Origin of bane
Examples from the Web for bane
Bane said this is the real reason for SIGAR reluctance to let the Shadman case go.
Hockney saw the object that would become the bane of office secretaries everywhere as bringing him closer to his art.
This problem has a long history and is the bane of drug prevention experts.
The agenda is likely to focus on Syria, which has been a bane to the pope since taking office last March.
Bigness is the bane of any creative or responsive activity, and publishing is no exception.
That bashfulness, however, which has been my bane through life, prevented me.
Then said Sigurd, "The time is unborn wherein Regin shall be my bane; nay, rather one road shall both these brothers fare."
His son's trouble caused him a great deal of sorrow: in fact, the bad conduct of Pearl was the bane of his life.All Adrift|Oliver Optic
Their main idea is to keep up for their own purposes that centralization which has so long been the bane of this country.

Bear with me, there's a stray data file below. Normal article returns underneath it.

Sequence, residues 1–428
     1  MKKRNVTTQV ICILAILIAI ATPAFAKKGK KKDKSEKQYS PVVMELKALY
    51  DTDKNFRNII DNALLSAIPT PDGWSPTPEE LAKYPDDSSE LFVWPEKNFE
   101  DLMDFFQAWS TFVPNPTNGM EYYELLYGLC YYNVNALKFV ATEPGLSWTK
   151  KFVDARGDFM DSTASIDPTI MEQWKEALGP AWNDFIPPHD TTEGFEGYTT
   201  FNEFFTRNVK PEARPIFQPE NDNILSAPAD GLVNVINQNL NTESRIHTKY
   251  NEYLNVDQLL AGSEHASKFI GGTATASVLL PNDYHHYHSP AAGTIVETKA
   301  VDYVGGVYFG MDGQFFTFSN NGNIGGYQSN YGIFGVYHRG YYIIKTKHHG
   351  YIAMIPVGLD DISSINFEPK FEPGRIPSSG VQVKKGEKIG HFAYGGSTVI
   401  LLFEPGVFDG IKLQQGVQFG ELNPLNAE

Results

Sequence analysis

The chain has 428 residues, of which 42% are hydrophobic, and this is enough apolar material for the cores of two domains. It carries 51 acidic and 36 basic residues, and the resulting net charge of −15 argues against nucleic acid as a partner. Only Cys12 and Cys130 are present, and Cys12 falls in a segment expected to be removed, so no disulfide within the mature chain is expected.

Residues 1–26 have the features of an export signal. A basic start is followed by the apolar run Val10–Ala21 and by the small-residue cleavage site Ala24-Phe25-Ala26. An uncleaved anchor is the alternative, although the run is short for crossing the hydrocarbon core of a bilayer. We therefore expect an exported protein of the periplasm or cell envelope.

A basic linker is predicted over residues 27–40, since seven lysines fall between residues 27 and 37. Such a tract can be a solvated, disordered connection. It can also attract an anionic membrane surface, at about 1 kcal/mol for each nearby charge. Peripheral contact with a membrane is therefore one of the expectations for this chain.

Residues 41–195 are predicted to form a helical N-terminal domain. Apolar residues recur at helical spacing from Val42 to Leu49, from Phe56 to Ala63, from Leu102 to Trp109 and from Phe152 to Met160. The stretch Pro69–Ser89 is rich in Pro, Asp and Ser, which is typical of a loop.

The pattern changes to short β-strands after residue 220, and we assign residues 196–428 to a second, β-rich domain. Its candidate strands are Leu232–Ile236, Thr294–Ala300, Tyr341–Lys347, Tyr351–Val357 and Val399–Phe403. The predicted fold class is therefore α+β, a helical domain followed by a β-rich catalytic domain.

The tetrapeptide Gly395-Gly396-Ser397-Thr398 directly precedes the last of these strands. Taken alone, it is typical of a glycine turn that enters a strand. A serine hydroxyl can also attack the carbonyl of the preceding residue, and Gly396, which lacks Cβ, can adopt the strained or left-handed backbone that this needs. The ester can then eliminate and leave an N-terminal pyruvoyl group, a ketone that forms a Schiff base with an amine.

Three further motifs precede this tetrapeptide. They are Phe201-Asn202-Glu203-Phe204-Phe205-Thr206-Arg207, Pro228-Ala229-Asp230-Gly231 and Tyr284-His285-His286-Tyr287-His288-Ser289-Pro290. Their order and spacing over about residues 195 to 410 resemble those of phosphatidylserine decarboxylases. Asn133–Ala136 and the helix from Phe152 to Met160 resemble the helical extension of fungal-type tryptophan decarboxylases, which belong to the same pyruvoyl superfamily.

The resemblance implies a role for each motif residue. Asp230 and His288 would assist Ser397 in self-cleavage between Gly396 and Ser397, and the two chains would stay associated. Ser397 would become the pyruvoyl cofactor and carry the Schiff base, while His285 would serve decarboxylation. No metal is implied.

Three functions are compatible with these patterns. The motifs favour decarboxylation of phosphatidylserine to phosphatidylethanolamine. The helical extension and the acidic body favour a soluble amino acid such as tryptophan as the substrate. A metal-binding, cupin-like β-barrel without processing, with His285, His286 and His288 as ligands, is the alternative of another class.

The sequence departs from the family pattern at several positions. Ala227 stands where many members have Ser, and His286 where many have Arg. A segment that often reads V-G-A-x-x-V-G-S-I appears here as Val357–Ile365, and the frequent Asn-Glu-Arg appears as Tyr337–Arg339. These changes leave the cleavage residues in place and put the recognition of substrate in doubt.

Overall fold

Ambition, the bane of the leaders of states, led them both to ruin.Historic Tales, vol 10 (of 15)|Charles Morris
British Dictionary definitions for bane (1 of 2)
- a fatal poison
- (in combination)ratsbane
Word Origin for bane
British Dictionary definitions for bane (2 of 2)
Word Origin and History for bane
Old English bana "killer, slayer, murderer; the devil," from Proto-Germanic *banon, cognate with *banja- "wound" (cf. Old Frisian bona "murderer," Old Norse bani, Old High German bana "murder," Old English benn "wound," Gothic banja "stroke, wound"), from PIE root *gwhen- "to strike, kill, wound" (cf. Avestan banta "ill"). Modern sense of "that which causes ruin or woe" is from 1570s.